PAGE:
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NEWS | Dec. 3, 2010

Avoid ethical pitfalls during holiday season

'Tis the season for giving, right? But in the midst of this holiday season full of gifts, parties, and fundraisers, don't let the federal ethics rules slip your mind. Here are some important things to remember as you plan for a happy, and ethical, holiday season.

A federal employee may not directly or indirectly solicit or accept gifts offered because of his official position, from someone with business before his agency, or from someone whose interests may be substantially affected by the employee's performance of duty.

Although holiday gifts between friends and family are fine, a federal employee may not accept a gift worth more than $10 from a subordinate or person in a lower pay grade, or a gift worth more than $20 (or gifts totaling more than $50 in a year) from a contractor or contract employee, unless there is a bona fide personal relationship underlying the gift.

You should never accept gifts of cash from a contractor or subordinate. Different rules may apply for the 737th Training Group and Airmen assigned to that group may call Capt. Lindsay Jenschke, 802nd Mission Support Group Legal Office at 671-3362 for more information.

It's fine to attend parties hosted by your peers and superiors, ones that are open to the general public or to all government or military personnel, and ones to which you were invited based on a relationship outside the workplace. You may attend a party hosted by a subordinate if the hospitality provided is customary for the occasion.

Similarly, if you are hosting a party as a supervisor, you may accept a hospitality gift from a subordinate at your party if the gift is of the type and value customarily given on such an occasion. If an open house or reception is hosted by a contractor, you may attend and accept any refreshments if it is a widely-attended gathering and your supervisor determines it is in your agency's interest that you attend. If you're having an office or squadron party, you may not use appropriated funds to pay for it.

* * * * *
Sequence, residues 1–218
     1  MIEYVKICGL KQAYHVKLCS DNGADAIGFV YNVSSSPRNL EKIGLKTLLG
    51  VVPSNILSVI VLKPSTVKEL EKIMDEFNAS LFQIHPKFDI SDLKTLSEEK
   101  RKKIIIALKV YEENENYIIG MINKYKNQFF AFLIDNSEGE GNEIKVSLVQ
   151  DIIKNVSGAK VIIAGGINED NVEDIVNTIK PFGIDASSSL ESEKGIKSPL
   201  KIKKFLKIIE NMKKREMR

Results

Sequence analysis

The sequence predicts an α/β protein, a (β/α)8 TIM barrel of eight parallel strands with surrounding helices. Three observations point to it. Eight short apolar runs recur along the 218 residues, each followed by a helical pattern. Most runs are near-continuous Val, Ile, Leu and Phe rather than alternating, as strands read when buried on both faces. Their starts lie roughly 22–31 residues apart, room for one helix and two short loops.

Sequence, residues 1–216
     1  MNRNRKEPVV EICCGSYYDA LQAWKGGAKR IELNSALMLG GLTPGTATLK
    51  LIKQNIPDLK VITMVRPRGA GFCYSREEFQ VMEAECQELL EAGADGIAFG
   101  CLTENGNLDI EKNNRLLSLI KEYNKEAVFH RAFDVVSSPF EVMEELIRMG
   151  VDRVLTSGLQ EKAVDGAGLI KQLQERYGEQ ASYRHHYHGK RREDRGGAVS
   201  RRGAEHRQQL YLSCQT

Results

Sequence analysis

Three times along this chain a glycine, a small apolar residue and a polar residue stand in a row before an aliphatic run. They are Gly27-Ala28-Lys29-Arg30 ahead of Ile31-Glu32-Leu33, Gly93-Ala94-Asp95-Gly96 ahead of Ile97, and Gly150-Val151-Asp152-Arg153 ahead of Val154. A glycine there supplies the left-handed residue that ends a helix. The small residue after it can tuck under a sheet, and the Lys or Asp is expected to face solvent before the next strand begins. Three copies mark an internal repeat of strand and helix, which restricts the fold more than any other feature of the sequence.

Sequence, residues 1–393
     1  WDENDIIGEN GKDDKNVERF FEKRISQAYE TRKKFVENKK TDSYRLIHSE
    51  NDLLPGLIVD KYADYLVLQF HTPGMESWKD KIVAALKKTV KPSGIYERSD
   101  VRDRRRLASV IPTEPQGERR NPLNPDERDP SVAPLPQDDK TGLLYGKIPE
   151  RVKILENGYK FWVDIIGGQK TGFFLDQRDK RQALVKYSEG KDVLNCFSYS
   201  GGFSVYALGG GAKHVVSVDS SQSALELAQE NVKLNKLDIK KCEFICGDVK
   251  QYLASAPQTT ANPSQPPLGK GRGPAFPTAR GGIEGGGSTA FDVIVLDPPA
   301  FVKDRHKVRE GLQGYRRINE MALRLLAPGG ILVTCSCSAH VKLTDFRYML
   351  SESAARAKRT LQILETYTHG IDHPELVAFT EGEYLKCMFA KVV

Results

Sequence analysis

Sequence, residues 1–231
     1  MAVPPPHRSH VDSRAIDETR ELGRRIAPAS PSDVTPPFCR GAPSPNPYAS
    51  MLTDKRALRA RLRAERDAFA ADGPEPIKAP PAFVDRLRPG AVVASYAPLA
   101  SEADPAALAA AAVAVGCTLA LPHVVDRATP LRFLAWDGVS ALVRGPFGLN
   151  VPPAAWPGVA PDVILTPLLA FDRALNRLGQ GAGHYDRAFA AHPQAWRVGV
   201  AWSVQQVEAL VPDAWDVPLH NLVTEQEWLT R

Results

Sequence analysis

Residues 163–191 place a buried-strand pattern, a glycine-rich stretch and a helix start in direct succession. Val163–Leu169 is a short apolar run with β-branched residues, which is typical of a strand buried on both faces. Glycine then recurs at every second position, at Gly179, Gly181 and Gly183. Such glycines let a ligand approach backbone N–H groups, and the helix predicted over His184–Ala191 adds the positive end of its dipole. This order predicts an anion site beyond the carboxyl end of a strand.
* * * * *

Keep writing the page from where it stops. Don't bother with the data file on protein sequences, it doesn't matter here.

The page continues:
Fundraisers and Solicitations
Since you can't use taxpayer money for your party, how do you cover expenses? A private organization, such as a unit booster club, can hold fundraisers such as a bake sale or fun run, or simply ask people to contribute. Private organizations wanting to conduct a fundraiser must submit the Lackland AFB Fundraising Request Form, located online at, and any advertising materials to Scott Wooley, 802nd Force Support Squadron, in advance of the event.

You may not conduct raffles or other gambling activities to raise funds. You may not solicit outside sources, e.g., businesses on- or off-base, for contributions of any sort for your party in your official capacity (i.e., in uniform, on-duty, using official letterhead, and invoking your unit or the Air Force).

However, private organizations may solicit funds for your unit party off duty, out of uniform, using booster club letterhead, and not using your rank or official position.

Follow the advice above, and you'll be well prepared. If you have any questions, call the 802nd MSG Legal Office at 671-3362 and ask to speak with an ethics counselor. And have a happy - and ethical - holiday season!